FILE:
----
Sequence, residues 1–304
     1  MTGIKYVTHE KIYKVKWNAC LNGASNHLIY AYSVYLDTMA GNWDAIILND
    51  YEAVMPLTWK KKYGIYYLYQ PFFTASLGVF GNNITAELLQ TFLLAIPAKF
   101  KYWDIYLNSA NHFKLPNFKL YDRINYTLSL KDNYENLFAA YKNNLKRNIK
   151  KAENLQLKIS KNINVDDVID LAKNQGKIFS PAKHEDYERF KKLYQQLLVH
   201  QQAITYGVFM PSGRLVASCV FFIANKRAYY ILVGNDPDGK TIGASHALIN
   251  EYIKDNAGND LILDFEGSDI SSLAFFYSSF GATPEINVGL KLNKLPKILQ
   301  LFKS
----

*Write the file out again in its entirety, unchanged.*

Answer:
Sequence, residues 1–304
     1  MTGIKYVTHE KIYKVKWNAC LNGASNHLIY AYSVYLDTMA GNWDAIILND
    51  YEAVMPLTWK KKYGIYYLYQ PFFTASLGVF GNNITAELLQ TFLLAIPAKF
   101  KYWDIYLNSA NHFKLPNFKL YDRINYTLSL KDNYENLFAA YKNNLKRNIK
   151  KAENLQLKIS KNINVDDVID LAKNQGKIFS PAKHEDYERF KKLYQQLLVH
   201  QQAITYGVFM PSGRLVASCV FFIANKRAYY ILVGNDPDGK TIGASHALIN
   251  EYIKDNAGND LILDFEGSDI SSLAFFYSSF GATPEINVGL KLNKLPKILQ
   301  LFKS